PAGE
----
The Christmas season is a busy time of year. So many things to focus on.
In addition to all those parties and concerts, the season is full of projects like cookie-baking, shopping, decorating and gift-wrapping. Such activities are supposed to help us “get into the spirit of Christmas.”
But, for me at least, the “spirit” is sometimes lost in the details, because when it comes to projects, I am all about FOCUS.
Focus: a curse and a blessing
I have a brain that does not multi-task, so whatever project I am working on is normally the only thing my brain is thinking about. This is a useful trait when it comes to staying on task and completing goals, but FOCUS also has its drawbacks, such as:
- I get so absorbed in the PROJECT I lose track of time until I suddenly realize my husband will be home in half an hour and I haven’t even thought about thinking about dinner. This results in a brief moment of guilt, followed by a frantic bout of activity in the kitchen [read: cats and small children would be wise to stay out of the way] which usually produces something edible, but not particularly memorable or repeatable. And since this whirlwind dinner production requires multi-tasking, it drains me of energy, making me somewhat less than my normal pleasant self by dinnertime.
- My focus becomes so narrow that I forget about the bigger picture, such as the reason I am searching for the perfect Christmas gift or spending hours baking fancy cookies. This results in a bout of guilt when I “surface” from my concentration and am reminded that my reason for embarking on the PROJECT was supposed to be celebrating the birth of Jesus, not successfully finding the best-rated, highest-quality gizmo for the most-discounted price. Oops.
- Because my brain is focused on the PROJECT, I tend to forget about everything else. This includes everyone else. It is not that I don’t care about my friends and family, it’s just that my brain puts everything not pertinent to the PROJECT into temporary storage. And until something jars my memory, that’s where it all stays. Which results in another bout of guilt for not remembering a birthday, or forgetting to call a friend going through a rough spot, or failing to notice the neighbor I walk past at Home Depot while searching for that thing I need to finish the PROJECT.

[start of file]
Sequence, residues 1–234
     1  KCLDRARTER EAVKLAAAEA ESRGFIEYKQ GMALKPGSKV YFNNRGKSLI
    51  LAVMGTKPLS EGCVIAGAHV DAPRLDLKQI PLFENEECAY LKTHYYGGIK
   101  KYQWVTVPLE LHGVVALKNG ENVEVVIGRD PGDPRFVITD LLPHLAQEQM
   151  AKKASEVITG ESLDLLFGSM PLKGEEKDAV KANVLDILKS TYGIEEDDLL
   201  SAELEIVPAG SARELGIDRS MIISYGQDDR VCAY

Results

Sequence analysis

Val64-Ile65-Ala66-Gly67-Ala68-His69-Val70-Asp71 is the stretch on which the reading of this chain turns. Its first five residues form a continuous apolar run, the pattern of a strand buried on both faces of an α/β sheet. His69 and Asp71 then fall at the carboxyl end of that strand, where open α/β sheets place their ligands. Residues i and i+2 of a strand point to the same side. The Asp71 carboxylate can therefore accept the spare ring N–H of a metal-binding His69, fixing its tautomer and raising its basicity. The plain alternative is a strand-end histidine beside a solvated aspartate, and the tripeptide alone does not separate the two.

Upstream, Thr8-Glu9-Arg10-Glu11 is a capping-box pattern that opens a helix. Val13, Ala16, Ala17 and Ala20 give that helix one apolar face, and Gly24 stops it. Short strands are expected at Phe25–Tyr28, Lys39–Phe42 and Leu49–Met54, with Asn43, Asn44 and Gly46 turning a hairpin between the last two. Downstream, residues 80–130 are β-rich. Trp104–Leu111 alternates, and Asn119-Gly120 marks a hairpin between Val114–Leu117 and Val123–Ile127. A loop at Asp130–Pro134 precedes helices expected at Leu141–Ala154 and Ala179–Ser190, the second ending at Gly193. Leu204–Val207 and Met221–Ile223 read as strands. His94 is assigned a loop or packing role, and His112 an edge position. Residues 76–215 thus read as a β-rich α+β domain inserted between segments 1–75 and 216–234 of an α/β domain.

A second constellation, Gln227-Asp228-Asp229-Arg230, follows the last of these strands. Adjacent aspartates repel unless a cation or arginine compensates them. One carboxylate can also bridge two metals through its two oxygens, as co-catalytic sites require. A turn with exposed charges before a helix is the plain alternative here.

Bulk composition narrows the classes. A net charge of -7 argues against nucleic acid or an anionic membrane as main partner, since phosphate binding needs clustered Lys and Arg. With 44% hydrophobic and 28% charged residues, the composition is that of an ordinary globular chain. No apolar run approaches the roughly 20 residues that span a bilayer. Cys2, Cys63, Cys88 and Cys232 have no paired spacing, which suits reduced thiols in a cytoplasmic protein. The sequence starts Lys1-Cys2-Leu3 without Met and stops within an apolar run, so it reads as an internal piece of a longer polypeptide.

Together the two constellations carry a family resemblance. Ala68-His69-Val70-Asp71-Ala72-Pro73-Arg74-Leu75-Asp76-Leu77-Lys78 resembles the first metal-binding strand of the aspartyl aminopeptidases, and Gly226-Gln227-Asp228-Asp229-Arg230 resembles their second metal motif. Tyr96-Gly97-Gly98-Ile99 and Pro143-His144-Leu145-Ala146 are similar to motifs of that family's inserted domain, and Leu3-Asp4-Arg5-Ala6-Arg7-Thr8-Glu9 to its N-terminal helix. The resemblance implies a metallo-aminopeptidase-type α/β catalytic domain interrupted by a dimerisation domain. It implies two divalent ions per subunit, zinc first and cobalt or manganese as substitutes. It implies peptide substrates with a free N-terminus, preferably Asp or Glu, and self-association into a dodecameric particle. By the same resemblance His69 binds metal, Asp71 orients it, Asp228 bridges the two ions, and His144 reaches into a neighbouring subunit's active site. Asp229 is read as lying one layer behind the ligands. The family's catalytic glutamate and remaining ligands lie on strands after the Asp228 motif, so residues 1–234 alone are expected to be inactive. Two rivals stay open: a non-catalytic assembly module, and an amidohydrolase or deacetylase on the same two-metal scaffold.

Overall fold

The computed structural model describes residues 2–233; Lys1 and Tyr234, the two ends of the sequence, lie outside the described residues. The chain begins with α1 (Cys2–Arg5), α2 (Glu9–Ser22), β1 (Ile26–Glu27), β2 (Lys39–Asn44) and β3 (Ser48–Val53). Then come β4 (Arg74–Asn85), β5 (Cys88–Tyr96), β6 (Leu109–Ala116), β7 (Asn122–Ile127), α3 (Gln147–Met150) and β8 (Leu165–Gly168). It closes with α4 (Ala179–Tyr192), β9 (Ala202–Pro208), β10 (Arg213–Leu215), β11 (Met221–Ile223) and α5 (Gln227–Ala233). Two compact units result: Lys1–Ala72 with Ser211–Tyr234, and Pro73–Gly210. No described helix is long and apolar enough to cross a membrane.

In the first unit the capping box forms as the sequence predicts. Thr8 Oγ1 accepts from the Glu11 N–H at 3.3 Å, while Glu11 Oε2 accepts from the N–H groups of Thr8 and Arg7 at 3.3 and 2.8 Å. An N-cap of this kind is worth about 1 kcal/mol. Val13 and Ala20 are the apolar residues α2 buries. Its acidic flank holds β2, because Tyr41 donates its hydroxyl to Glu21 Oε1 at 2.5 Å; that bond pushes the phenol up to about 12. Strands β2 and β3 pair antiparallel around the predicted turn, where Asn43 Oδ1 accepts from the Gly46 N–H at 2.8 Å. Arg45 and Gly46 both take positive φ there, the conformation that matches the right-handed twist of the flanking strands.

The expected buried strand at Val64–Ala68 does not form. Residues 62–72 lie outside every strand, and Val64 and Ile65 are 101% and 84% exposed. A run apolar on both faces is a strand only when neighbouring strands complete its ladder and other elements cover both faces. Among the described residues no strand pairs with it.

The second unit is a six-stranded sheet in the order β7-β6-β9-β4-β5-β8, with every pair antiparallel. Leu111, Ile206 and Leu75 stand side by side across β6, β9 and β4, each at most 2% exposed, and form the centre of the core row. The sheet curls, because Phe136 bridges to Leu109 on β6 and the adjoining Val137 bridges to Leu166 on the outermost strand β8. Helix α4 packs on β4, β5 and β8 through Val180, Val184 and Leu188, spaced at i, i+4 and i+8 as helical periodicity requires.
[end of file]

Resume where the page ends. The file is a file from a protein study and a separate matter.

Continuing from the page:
So, knowing my propensity to get completely absorbed in the PROJECT …
I need to remind myself to stop from time to time, take a step back, and refocus.
Because I might discover that I have been so focused on the minutia of the PROJECT that I am missing out on the rest of life. (Not to mention the lives of the people around me.)
And I certainly don’t want to miss out on Christmas, which has always been my favorite holiday. (Despite my grumbling about holiday survival, I do thoroughly enjoy the festivities that surround this time of year. I only turn into a Grinch when I feel overwhelmed because I took on one-too-many major holiday projects. I am learning not to do this.)
I guess this is one reason for starting the day with a quiet time –I need a reminder to bring my environment (and the people who fill it) back into focus. It is easy to charge into the projects of the day, to immediately get lost in the lists and details, and remain blissfully unaware of the people in my life who might need my attention. And unlike the cat, who frequently reminds me of her existence, [er, excuse me while I run downstairs and let her back inside*] other people in my life might go unnoticed unless I remember to widen my focus from time to time.
So my Pre-New Year’s resolution is to spend time each day focusing on something other than the PROJECT.
How about you? Do you have a tendency to get too busy doing Christmas that you forget what it’s all about? What suggestions do you have for keeping your focus in the right place?
*( and, Yes, I really did get up and let the cat in right then.)
In closing, a little poem about refocusing
(with apologies to Dr. Seuss)
She bustled and buzzed, doing projects galore
Then the gal thought of something she hadn’t before
Maybe Christmas, she thought, shouldn’t mean she’d ignore
All the people and needs she’d swept past heretofore.
Maybe Christmas, perhaps, means a little bit more
About caring for people and less about chores.
And what happened then? Well, in her home they say,
The gal’s project list simply got tossed away.
She refocused her thoughts, got a new kind of view
And then the true meaning of Christmas came through.